3. If you are outside of Silicon Valley or a tech center, networking might be the only valid excuse to spend the time on a competition.

      steve

    • Jacek said: “I think the problem here isn’t with Business Plan Competitions, but with the way they are organized. ”

      You are most probably right.

      Jacek said: “…bplan competition that can get you anywhere from 5k or 10k for next to no work other than a few hour application and a day or two spent networking…”

      A few hours to $5~10k?, hmmm.

      Have a look at the other extreme: Participants in Ideas Inc are required to incorporate their business plan into a company (during the competition) and from what we have seen, all 6 finalists (and a few semi-finalists) have spent no less than 90 man days on their startup, check out

      http://www3.ntu.edu.sg/ideasinc/schedule.html

      Do you know of other bplan competitions that are as intensive as the NTU BPC?

  9. when u are making a plan; all you are doing is basically saying that you know what elements are taught in the MBA Program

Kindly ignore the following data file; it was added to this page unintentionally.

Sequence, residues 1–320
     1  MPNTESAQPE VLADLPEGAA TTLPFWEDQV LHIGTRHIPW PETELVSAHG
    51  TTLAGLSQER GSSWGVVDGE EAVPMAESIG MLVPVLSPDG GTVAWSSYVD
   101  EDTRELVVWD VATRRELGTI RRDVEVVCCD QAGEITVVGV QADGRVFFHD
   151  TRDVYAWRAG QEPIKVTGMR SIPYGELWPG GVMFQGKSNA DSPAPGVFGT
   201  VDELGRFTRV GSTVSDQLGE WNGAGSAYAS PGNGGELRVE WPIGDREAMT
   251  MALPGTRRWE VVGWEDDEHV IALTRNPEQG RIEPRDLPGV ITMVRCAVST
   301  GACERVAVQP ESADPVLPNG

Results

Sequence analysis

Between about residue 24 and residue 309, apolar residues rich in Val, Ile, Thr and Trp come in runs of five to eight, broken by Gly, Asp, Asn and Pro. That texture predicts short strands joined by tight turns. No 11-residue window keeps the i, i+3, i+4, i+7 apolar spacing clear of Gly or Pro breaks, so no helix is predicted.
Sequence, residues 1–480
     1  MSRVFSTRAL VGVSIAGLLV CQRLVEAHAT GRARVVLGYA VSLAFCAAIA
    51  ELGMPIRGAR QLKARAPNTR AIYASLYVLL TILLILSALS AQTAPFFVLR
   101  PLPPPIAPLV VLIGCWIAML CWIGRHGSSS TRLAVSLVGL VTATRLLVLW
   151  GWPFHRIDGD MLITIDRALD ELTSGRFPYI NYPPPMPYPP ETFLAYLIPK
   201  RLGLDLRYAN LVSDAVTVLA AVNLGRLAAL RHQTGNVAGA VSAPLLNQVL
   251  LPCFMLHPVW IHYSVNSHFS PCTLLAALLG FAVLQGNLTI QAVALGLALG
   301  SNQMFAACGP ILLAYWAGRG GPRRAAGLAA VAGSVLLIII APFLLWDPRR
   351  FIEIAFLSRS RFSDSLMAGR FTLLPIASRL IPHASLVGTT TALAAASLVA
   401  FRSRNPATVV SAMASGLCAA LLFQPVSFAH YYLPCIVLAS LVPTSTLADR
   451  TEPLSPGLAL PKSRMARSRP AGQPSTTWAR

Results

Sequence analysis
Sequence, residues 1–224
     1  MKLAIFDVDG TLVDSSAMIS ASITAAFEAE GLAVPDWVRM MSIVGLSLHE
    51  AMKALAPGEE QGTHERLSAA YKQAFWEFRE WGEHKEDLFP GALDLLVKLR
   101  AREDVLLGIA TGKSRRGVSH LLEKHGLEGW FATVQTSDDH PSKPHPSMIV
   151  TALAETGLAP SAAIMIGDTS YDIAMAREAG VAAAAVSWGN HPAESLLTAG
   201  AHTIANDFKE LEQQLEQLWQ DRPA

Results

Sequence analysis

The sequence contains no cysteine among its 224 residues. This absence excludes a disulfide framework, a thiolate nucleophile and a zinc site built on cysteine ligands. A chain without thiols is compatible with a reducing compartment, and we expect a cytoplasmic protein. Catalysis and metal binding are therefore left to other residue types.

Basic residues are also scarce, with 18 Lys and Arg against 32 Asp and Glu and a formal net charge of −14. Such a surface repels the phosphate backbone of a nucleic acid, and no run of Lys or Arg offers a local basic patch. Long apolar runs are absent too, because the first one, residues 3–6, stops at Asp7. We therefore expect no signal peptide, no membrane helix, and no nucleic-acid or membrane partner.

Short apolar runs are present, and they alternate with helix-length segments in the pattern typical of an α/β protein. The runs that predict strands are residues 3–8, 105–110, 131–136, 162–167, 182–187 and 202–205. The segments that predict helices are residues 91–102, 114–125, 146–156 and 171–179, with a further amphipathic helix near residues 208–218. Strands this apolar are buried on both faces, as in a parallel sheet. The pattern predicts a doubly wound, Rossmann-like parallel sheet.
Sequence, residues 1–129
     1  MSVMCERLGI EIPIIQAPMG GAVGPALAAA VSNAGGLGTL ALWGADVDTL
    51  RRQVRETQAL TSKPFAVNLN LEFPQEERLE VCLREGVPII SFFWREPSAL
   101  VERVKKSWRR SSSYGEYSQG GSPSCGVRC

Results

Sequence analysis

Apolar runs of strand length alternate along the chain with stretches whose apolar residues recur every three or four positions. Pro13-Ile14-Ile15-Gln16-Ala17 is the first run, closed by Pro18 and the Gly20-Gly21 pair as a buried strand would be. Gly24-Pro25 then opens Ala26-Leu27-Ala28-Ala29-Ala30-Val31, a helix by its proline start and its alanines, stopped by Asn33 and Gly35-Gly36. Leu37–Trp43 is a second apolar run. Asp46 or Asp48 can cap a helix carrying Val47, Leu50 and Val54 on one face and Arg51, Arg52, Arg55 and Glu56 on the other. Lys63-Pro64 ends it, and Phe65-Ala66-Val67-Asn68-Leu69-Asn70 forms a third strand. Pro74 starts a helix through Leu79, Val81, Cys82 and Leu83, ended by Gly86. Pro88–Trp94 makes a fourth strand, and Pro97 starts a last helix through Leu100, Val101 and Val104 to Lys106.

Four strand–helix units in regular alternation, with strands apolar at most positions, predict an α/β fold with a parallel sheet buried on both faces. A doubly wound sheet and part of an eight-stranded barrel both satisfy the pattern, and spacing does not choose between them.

you dont know the customer unless you meet the same and you dont really know the customer unless the customer trusts you.

    making a plan and winning is like writing a great profile for dating. the pitch is the profile header : yeah if there is a competition for attention, the catchy phrase works – but you know what happens with dating profiles – dont you? — yeah you dont get a date by publishing your profile..

    bplan document is just that.. gives a sense of preparedness.. and these venues for competition provide the exposure –

    that is all

    cheers
    olga lednichenko

  10. [...] is the business, not the plan. As Steve Blank, one of the pioneers of the Lean Startup movement, says: “customers don’t ask to see your business plan.” Ideas are worthless in the absence [...]

  11. Really nice post, is just a matter of business theory and practical competition

  12. Thank you for your post. It really helps me find my direction. I used to be business competition lover, but not anymore.